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Tokyo Olympics: Is Taekwondo star Jade Jones Britain’s most underrated Olympian?

Tokyo Olympics Is Taekwondo star Jade Jones Britains most underrated


Taekwondo might not be the most well known of the combat sports at the Tokyo Olympics this summer, but British fighter Jade Jones is helping to ensure its popularity is constantly on the rise. 

Of course, boxing has a worldwide fanbase and will be followed much more closely at the Games – and there will be many people out there unfamiliar with the rules of Taekwondo.    

But take one look at Jade Jones in action and you’ll need no further convincing about the quality she brings to this brand of martial arts, and as its poster girl the strides she had made in elevating the sport are admirable.

Taekwondo star Jade Jones is seeking a third gold medal at the Tokyo Olympics this summer

Taekwondo star Jade Jones is seeking a third gold medal at the Tokyo Olympics this summer

The British star has made admirable strides to increase taekwondo's profile in the UK

The British star has made admirable strides to increase taekwondo’s profile in the UK 

She announced herself at the London 2012 Games, winning gold and earning a legion of fans

She announced herself at the London 2012 Games, winning gold and earning a legion of fans

The fact the 28-year-old is hunting down her third gold medal in Tokyo this year comes as no surprise whatsoever, even if gaining global recognition remains increasingly difficult no how many medals are around her neck.

While London 2012’s legacy is remembered by the ‘Super Saturday’ heroes of Dame Jessica Ennis, Mo Farah and Greg Rutherford on August 4, young Jones was quietly going about her business just days later. 

She cruised her way to the Taekwondo final at the ExCel centre – beating China’s Hou Yuzhuo by six points to four to claim gold.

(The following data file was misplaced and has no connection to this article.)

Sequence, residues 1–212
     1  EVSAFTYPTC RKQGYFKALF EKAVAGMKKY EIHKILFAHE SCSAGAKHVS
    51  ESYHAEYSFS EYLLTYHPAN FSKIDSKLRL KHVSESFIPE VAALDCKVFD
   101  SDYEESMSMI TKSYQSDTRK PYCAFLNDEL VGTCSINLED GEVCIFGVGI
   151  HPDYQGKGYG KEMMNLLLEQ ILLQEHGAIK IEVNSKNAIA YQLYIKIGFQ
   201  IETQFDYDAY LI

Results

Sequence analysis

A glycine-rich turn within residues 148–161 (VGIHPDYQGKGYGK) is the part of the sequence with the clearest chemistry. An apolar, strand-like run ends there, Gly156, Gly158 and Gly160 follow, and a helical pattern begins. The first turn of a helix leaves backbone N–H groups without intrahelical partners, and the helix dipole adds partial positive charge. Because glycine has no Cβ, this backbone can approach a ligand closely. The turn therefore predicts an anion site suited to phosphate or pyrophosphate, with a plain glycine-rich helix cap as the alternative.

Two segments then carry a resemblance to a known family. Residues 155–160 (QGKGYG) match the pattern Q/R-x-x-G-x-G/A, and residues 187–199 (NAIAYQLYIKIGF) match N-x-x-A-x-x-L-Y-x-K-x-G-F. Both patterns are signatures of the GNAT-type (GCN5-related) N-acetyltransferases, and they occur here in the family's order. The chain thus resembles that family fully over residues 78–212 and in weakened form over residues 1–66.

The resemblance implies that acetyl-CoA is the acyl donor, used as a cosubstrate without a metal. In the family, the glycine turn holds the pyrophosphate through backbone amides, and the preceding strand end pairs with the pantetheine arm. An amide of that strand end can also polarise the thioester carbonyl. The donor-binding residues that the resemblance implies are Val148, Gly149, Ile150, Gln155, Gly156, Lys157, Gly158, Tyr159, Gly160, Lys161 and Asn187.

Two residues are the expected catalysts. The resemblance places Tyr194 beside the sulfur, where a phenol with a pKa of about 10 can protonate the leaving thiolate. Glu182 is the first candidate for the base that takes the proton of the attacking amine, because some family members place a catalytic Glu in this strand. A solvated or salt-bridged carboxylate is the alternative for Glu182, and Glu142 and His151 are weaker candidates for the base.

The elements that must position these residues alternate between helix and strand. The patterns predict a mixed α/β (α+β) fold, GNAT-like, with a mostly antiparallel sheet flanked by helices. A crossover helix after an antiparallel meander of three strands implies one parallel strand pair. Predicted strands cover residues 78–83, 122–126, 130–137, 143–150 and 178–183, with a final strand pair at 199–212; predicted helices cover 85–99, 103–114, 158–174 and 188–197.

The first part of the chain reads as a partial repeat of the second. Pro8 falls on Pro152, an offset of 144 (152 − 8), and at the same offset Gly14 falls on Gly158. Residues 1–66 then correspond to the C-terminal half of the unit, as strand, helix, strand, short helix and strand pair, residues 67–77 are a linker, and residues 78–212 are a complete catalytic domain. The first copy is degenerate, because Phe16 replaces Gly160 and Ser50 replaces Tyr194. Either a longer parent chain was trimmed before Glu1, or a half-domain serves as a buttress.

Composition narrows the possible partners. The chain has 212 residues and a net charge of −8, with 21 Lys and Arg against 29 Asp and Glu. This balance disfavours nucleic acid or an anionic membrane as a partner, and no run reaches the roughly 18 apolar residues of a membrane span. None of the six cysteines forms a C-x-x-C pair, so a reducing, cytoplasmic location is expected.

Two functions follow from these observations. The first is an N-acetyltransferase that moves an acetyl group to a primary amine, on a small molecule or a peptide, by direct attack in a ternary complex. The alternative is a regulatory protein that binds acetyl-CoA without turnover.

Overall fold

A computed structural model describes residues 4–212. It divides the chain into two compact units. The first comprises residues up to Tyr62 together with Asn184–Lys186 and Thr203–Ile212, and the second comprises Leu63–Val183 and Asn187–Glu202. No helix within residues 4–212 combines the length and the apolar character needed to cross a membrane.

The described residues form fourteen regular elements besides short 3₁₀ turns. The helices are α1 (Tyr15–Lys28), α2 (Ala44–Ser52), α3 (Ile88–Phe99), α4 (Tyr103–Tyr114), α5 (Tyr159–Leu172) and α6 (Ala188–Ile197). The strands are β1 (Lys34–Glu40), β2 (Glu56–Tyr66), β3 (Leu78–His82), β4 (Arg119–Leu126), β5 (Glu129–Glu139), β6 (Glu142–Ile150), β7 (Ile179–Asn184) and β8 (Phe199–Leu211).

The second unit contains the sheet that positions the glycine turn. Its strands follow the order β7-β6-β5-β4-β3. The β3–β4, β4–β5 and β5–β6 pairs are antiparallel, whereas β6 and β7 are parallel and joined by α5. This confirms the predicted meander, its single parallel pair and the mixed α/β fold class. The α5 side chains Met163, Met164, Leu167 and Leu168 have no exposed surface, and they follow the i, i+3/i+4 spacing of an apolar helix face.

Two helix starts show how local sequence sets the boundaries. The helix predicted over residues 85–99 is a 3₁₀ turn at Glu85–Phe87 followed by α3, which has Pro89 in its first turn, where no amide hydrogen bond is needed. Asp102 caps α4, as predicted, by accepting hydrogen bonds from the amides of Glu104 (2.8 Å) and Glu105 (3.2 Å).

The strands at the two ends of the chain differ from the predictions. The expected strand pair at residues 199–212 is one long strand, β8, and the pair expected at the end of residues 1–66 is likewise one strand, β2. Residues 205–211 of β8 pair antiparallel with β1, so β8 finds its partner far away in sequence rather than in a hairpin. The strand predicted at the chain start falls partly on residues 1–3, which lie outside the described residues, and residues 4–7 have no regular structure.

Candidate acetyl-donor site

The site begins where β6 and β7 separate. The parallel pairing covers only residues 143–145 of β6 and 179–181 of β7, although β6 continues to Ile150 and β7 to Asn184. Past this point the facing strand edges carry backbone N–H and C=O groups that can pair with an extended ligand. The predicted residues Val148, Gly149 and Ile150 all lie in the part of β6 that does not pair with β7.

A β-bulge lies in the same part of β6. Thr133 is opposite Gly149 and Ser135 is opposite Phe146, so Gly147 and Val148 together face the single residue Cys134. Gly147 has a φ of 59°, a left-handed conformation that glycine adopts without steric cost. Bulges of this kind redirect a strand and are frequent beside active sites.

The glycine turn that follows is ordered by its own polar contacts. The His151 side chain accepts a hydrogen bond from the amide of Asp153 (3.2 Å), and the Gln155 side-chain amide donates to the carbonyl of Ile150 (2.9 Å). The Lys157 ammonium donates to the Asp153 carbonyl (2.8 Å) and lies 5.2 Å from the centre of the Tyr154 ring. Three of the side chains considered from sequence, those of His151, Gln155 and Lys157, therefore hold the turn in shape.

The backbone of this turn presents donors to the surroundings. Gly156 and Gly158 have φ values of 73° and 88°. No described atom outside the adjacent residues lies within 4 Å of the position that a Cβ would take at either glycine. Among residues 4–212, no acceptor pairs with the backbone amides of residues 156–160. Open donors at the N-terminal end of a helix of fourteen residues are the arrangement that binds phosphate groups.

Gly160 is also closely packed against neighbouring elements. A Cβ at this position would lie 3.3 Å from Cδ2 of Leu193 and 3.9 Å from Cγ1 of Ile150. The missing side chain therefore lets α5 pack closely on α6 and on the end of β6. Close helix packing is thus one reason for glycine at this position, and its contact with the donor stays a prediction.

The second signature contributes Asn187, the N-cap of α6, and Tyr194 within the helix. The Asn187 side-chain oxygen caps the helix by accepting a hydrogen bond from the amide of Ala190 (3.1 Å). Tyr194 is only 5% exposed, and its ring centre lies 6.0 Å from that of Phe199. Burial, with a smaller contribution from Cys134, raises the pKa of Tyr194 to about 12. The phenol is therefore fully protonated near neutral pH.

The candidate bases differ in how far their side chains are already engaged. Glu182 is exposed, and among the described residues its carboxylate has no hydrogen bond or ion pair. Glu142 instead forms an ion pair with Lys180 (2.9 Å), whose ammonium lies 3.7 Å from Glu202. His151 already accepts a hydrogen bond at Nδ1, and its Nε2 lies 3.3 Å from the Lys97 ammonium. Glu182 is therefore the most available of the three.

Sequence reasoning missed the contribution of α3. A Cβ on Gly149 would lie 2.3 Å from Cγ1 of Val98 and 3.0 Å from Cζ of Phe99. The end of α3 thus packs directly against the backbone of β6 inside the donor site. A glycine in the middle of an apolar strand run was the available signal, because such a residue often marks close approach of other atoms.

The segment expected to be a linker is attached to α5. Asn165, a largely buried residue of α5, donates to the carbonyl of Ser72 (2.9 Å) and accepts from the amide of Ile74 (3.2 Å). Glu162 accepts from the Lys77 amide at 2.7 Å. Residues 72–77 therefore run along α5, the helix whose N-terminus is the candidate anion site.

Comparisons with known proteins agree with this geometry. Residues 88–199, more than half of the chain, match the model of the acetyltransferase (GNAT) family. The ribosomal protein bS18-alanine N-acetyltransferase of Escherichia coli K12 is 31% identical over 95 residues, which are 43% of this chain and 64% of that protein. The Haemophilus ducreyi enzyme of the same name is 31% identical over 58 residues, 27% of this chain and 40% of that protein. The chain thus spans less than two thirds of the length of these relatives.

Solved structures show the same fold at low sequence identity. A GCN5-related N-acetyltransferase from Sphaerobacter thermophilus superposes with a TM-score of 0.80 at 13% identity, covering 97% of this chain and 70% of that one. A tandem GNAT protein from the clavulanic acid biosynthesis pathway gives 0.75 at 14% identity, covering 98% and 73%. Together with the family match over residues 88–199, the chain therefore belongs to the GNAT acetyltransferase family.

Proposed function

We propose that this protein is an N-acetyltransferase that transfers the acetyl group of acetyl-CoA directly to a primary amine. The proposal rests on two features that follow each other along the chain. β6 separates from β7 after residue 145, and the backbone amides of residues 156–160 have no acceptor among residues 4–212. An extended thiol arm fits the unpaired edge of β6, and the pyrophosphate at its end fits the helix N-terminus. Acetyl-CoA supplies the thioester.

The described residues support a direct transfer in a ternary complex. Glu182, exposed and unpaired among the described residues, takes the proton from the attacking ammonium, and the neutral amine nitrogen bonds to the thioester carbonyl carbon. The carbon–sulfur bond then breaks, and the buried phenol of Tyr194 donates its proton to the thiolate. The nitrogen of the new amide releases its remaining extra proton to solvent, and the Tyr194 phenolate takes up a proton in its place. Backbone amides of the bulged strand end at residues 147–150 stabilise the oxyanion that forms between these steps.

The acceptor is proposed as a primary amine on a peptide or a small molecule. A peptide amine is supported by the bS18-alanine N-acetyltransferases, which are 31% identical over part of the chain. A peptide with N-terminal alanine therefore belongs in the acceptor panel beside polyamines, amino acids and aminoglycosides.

Her success earned her overnight fame and coincided with a dramatic uptake in youngsters getting involved in Taekwondo, as well as drawing in a new group of supporters who had witnessed her triumph – but even she could never predicted how dominant she would become.

Jones won overnight fame and her success coincided with an uptake in youngsters getting involved with taekwondo

Jones won overnight fame and her success coincided with an uptake in youngsters getting involved with taekwondo

Nearly a decade on, Jones is running out of room for all her medals – the latest being a third straight European gold in April, just the kind of momentum she needs to take into Tokyo as she seeks to become the first Taekwondo competitor to win three Olympic golds on the trot.

Jones followed up her London heroics with another gold medal at Rio 2016 and now has history in her sights, but has no plan to call time on her career if she does scoop her third gold in Japan, admitting the prospect of a shorter time period until Paris 2024 is tempting.

‘I was thinking this would be the last Olympics, but [coach] Martin [Stamper] said that by the time we finish, it will only be two years to go until the next one!’ Jones said in April.

‘If I won in Tokyo, I’ll have so many points already I’ll only need a few more to qualify for Paris.’

JADE JONES MBE

Born: 1993, Bodelwyddan, Wales

Height: 5 ft 6

Weight: 126 lb

Nickname: The Headhunter

Olympic golds: London 2012, Rio 2016

European golds: Montreux 2016, Kazan 2018 

 

Jones – who was named in Team GB’s taekwondo squad for Tokyo alongside Bianca Walkden and Bradly Sinden, was born in Bodelwyddan, Wales, in 1993.

She grew up on a council estate before being urged to get into taekwondo by her grandfather at the age of eight.